AND THE CONTRACTOR W. RANDLE.
DEDICATED BY THE INSTITUTION OF ENGINEERS, AUSTRALIA
AND PARRAMATTA CITY COUNCIL, 1997.
In the “Report in Support of a Nomination for Lake Parramatta Dam to be Declared a National Engineering Landmark”, the factors cited that contributed to the cultural significance of the dam were;.
- The dam is listed by ANCOLD as the first large dam built in Australia. (Historic, scientific – rare)
- It is believed to be the only masonry arch dam in Australia. (Historic; scientific – rare)
- The dam is believed to be the eleventh earliest single arch dam constructed in the world since antiquity. (Historic; scientific- rare)
- It is believed to be the only masonry dam in the world to combine the use of Roman and Portland cements in the one structure. (Historic; scientific – rare)
- It is of very slender construction when compared with structures of similar age. (Historic; scientific – rare)
- It was part of one of the earliest urban water projects in Australia, and remained in that service for sixty years. (Historic; social; scientific- representative)
- Its design and construction involved three of the most significant public works operatives of the time: Captain Percy Simpson, E.O. Moriarty and W Randle. (Historic; scientific – associative)
- The design of the dam is thought to have been a precursor to the use of the ‘cylinder’ formula used by C. W. Darley in his later program of dam construction. (Historic; scientific – representative)
- The raising of its height in 1898 by C.W. Darley was part of one of the earliest arch dam construction programs in the world, and attracted appropriate international attention. (Historic; scientific – rare, associative)
- The raising of height is itself over a century old and forms a part of the evolution of dam wall construction without unduly diminishing the integrity of the original structure. (Historic; scientific – representative)
The quality of design and construction is demonstrated by the fact that the dam remains in excellent condition, able to withstand loadings caused by Probable Maximum Flood conditions. (Historic; scientific – representative, rare)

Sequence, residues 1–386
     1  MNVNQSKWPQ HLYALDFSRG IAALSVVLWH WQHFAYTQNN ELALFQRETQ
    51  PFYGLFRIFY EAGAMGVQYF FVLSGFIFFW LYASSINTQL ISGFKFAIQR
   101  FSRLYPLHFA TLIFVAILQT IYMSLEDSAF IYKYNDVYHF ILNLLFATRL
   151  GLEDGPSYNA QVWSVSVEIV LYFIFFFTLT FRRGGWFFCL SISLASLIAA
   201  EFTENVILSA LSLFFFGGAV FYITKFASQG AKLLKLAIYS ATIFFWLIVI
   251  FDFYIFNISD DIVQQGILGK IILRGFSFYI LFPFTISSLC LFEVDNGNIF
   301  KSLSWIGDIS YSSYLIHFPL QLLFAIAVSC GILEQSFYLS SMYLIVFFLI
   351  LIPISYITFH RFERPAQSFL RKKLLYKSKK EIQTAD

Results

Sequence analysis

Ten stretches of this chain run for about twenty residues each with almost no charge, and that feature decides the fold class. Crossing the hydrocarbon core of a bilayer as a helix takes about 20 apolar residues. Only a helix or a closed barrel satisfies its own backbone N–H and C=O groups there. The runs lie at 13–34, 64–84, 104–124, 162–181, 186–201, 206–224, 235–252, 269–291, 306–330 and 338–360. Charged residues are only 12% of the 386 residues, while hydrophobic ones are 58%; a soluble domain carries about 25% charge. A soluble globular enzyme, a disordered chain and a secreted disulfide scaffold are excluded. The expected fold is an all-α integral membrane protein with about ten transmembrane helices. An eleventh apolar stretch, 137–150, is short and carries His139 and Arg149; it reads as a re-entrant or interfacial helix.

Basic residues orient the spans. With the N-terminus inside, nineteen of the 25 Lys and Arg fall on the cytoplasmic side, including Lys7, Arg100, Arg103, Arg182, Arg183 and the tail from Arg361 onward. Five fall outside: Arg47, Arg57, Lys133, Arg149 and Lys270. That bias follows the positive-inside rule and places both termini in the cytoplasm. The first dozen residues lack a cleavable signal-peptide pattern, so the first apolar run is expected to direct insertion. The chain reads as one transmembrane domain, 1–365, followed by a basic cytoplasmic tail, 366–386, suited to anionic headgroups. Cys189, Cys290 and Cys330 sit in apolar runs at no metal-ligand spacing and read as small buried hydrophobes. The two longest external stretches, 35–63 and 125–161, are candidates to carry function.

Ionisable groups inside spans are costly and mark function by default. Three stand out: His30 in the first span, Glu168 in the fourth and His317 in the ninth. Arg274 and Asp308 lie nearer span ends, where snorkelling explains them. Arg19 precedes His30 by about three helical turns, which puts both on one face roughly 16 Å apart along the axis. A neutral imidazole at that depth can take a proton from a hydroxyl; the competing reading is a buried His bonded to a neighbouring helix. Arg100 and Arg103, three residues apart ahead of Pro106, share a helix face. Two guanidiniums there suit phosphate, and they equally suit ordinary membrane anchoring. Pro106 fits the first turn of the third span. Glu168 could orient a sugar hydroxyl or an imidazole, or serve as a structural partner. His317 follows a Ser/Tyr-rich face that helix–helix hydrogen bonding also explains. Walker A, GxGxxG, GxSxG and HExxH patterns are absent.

- The dam remains as the focus of an important social and recreational facility for Parramatta and surrounding district. (Historic; aesthetic; social- representative)
It shows how technology can be adapted to provide an amenity which is valued by local inhabitants for its beauty, tranquility and bird life. (Aesthetic, social – representative)
*Ashlar means stones hewn to rectangular shapes
Neera Sahni, Research Services Leader and Peter Arfanis, Archivist, Parramatta City Council, Heritage Centre – 2015
 Wyatt, Ken, Clarke, Michael, Heinrichs, Paul. Report in Support of a Nomination for Lake Parramatta Dam to be Declared a National Engineering Landmark. https://www.engineersaustralia.org.au/portal/system/files/engineering-heritage-australia/nomination-title/Lake_Parramatta_Dam_Nomination.pdf
 Kass, Terry, Liston Carol, McClymont, John. Parramatta A Past Revealed
 Jervis, James. Lake Parramatta. 1958. Parramatta Council File no. 48/16 (a)
Ash, R. and Heinrichs, P. Parramatta Single Arch Dam – From 1856 and Still Going Strong. First international and Eighth Australian Engineering Conference. 29 September – 2 October 1996, Newcastle, Sydney
“Lake Parramatta brochure” (PDF). City of Parramatta. Retrieved 28 September 2015, http://www.parracity.nsw.gov.au/your_council/news/plans/recreational/lake_parramatta_plan_of_management
Terry Kass et al, Parramatta, A Past Revealed, Parramatta City Council, 1996
Whitaker, Anne, Shaping a City: 150 years of Parramatta City Council. Parramatta City Council, 2012
Lake Parramatta, Vertical File, Local Studies and Family History Library, Parramatta Heritage and Visitor Information Centre
Photos, Local Studies photo collection, Parramatta Heritage Centre